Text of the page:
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In the field of nursing, Compassion is a critical part of patient care. Nurses must be compassionate to provide quality care for their patients. They are not allowed to take a detached approach and focus solely on tasks and procedures because this can lead to errors that could compromise the patient’s health. But the question is, Why Is Compassion Important in Nursing? Why not for doctors?. Because nurses deal with people on the most vulnerable days of their lives.
Nursing is a profession where Compassion and empathy are essential qualities. They are often in the room when someone takes their last breath, and it takes a genuinely compassionate person to handle this type of emotional weight.
However, not all nurses have the same level of empathy or show Compassion for their patients as much as they should – which can cause problems down the line.
The holistic approach to nursing being present, doing for patients, and forming a connection embodies the caring profession. New research shows that emphasizing the art of nursing and compassionate care during orientation can improve outcomes, including boosting patient satisfaction and reducing the incidence of falls and pressure ulcers.
This is the reason why Compassion is important for nurses, but it’s not enough. We will discuss why Compassion is essential for nursing professionals, what causes a lack of empathy among some nurses, and how that lack could lead to disaster at work.
What is Compassion?
According to systematic literature, Compassion is the result of empathizing with others in suffering. It leads to a desire to help; Compassion is the emotion associated with these reactions.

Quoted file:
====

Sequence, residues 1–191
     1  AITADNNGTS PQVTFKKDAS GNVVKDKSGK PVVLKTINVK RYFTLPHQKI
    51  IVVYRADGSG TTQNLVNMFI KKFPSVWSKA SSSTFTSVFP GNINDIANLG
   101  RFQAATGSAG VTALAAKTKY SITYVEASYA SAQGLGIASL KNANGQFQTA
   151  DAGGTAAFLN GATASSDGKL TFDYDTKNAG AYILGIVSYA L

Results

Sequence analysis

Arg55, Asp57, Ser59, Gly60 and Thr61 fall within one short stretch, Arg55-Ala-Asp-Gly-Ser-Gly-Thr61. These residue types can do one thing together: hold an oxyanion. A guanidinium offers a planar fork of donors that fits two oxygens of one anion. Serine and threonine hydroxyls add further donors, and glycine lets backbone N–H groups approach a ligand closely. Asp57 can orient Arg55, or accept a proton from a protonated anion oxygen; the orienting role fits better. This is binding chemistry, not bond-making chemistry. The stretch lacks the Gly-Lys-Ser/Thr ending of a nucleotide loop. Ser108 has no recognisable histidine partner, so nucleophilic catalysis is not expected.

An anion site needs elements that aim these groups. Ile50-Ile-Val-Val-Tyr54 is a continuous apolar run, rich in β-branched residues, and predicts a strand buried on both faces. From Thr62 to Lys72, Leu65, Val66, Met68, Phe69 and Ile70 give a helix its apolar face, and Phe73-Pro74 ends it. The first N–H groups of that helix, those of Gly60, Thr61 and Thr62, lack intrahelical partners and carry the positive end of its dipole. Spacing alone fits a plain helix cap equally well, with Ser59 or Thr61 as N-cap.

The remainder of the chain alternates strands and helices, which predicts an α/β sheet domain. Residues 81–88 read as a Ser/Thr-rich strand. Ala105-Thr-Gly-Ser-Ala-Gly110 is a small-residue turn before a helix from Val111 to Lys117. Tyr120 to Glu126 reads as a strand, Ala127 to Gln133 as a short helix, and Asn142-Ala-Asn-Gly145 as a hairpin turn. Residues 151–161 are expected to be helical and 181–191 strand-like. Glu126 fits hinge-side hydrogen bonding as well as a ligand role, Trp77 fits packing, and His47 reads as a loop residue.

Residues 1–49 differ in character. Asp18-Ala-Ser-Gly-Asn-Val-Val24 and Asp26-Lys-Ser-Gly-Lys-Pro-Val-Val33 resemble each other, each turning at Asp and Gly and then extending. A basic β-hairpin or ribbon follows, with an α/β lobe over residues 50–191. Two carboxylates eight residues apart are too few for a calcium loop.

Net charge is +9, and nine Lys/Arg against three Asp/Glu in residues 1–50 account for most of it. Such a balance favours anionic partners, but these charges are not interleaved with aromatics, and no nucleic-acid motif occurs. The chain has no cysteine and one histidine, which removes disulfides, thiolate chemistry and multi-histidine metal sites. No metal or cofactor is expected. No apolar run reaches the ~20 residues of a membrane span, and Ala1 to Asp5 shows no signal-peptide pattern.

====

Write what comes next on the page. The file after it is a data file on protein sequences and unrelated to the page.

To better understand what we mean by “compassion,” let’s look at some definitions:
The word “com-” comes from Latin meaning together or with; so, “with” feeling for one another – feeling sorry for someone else when they’re sad or hurting.
Compa- means very much; so, very much pity – having great sympathy or sorrow for someone who has been hurt.
So, it’s feeling sorry for someone else when they’re sad or hurting (being sympathetic) and wanting to help them out.
Compassion is what nurses do every day: They provide care to understand our patient’s needs; they know how much pain the patient might be in, but still give hugs anyway because nurses want to show love and support through difficult times.
Every major religion has something about Compassion at its center. Because as a human it is in our nature that we can’t see anyone in pain. Compassion has been defined as “a deep awareness of someone else’s suffering coupled with a strong wish to alleviate it” (Batson et al. 1997). At its best, it motivates us to take care of other people who need our support and share their burdens.
Why Is Compassion Important in Nursing?
It’s significant for nurses because they provide care to patients and their families and offer emotional support. And the success of patient outcomes depends on how compassionate a nurse is with them and the rest of their staff members.